Edited by Gigi Luk, John A.E. Anderson and John G. Grundy
[Studies in Bilingualism 64] 2023
► pp. 245–271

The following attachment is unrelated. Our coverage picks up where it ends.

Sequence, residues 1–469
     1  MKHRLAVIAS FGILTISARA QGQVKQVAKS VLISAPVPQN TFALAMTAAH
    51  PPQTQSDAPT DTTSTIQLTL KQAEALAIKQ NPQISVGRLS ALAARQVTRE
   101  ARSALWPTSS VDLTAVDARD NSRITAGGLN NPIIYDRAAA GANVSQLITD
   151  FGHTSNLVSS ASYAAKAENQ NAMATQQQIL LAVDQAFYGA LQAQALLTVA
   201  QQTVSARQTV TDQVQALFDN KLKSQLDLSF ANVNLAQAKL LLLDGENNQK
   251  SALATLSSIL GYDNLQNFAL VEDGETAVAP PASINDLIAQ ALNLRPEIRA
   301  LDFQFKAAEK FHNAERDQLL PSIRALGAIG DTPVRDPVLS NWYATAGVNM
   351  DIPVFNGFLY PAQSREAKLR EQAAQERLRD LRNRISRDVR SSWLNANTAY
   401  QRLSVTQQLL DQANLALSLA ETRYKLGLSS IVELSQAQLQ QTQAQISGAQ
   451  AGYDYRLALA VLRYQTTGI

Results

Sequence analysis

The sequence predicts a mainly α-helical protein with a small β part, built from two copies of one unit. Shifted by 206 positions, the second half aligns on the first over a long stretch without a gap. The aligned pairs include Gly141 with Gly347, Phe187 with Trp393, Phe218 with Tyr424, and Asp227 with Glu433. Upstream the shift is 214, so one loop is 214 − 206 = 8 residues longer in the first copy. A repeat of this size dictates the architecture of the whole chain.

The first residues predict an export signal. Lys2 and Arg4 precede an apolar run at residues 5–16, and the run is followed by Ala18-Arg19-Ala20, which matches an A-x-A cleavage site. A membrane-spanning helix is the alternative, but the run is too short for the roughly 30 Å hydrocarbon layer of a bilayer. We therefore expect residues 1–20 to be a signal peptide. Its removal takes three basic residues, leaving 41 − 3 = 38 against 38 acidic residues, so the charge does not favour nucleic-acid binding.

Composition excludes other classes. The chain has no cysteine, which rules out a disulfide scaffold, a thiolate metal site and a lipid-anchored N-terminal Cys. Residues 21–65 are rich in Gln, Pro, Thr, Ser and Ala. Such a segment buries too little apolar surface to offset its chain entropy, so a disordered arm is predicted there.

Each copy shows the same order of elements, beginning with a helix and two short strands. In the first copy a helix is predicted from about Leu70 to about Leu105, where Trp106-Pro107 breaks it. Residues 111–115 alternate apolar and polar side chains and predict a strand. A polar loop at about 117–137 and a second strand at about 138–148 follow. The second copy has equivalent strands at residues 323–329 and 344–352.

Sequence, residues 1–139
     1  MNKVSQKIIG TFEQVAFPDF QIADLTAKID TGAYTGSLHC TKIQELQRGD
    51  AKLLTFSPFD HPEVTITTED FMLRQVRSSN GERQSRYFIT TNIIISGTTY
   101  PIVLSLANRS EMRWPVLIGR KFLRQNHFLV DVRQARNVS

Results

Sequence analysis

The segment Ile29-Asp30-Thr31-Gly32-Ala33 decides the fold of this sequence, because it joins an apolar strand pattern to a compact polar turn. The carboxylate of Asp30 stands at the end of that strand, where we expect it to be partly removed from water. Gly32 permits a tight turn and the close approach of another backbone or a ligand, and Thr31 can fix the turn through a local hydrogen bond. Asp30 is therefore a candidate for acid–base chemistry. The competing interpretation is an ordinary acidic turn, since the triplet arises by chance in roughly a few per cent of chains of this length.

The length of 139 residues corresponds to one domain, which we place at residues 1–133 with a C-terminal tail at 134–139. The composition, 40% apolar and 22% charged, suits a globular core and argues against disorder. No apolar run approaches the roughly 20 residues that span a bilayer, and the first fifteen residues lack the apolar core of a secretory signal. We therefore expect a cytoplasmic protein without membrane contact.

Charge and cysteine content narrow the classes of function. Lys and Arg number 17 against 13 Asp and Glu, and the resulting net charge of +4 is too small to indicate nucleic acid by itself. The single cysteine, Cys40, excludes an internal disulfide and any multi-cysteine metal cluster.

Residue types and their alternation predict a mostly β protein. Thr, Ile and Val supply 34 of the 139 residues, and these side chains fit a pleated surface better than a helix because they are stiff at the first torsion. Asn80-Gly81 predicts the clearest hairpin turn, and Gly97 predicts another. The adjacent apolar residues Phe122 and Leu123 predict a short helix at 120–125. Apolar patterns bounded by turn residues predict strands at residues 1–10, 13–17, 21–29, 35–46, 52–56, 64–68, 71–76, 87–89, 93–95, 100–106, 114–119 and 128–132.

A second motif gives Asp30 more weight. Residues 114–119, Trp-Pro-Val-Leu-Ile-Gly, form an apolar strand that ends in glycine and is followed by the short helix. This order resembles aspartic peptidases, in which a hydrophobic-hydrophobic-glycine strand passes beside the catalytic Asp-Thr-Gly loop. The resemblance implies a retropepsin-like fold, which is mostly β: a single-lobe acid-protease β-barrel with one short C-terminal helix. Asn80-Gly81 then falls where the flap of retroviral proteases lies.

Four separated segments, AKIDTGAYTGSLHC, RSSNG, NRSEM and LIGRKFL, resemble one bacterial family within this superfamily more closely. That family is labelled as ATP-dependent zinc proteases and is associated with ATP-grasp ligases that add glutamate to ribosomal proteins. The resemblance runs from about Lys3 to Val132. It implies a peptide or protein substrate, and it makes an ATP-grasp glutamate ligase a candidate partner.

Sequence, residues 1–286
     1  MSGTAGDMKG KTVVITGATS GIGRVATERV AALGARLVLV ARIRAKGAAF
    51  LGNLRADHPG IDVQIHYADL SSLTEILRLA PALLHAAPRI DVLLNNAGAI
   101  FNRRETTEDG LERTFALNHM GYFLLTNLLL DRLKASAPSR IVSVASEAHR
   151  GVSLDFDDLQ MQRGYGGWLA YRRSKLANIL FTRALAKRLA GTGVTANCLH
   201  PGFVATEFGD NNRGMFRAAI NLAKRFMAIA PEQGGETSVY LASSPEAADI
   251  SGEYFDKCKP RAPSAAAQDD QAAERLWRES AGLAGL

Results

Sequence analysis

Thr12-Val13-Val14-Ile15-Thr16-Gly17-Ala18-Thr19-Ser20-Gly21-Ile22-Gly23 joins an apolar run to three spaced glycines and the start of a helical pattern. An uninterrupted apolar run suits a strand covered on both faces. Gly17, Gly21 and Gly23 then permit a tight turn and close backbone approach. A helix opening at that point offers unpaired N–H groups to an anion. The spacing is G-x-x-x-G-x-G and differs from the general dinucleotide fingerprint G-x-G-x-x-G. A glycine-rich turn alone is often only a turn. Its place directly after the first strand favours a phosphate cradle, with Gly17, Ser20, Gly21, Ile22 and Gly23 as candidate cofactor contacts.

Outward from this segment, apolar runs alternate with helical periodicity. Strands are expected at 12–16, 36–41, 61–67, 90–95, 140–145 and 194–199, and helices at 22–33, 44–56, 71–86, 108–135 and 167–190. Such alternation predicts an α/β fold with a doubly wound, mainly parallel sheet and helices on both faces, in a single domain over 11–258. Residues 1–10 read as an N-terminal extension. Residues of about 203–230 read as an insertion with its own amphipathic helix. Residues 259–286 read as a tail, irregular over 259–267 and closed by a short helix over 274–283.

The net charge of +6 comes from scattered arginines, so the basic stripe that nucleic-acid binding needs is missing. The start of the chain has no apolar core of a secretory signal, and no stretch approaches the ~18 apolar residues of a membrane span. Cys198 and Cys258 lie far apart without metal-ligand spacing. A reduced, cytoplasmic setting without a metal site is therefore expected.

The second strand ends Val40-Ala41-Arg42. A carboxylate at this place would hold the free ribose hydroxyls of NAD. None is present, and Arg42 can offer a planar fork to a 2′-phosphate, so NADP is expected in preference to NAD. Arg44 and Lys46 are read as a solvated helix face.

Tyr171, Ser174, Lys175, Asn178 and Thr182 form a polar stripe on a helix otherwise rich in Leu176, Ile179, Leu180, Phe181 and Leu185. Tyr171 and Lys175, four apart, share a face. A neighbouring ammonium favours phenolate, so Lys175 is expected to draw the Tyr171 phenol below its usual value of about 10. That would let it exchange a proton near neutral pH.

Electroencephalogram (EEG) has been instrumental in research examining the effects of bilingualism on cognition, and much of this research has been inspired and spearheaded by Ellen Bialystok. In this chapter, we explore recent developments in EEG research that highlight the complexity of the bilingual experience and its impact on domain-general cognitive outcomes. First, even in the absence of behavioral differences, ERP studies consistently show that bilinguals are more efficient at processing information than monolinguals on executive function tasks. Second, resting-state EEG studies demonstrate a link between several brain frequency bands (e.g. beta waves) and learning outcomes during second-language acquisition. Third, recent advances in EEG techniques have demonstrated that brain signal complexity is more than just noise, and that greater complexity is associated with better performance. Preliminary evidence suggests that bilingualism modifies brain signal complexity in regions associated with automatic processing. Finally, there is a recent shift to focus more on attentional than inhibitory mechanisms, and on continuous rather than dichotomous classifications of bilingualism, in assessing how bilingualism affects executive function processing in the brain. The final section concludes with several recommendations and future directions for EEG studies to investigate how language experience impacts the neural correlates of attentional control.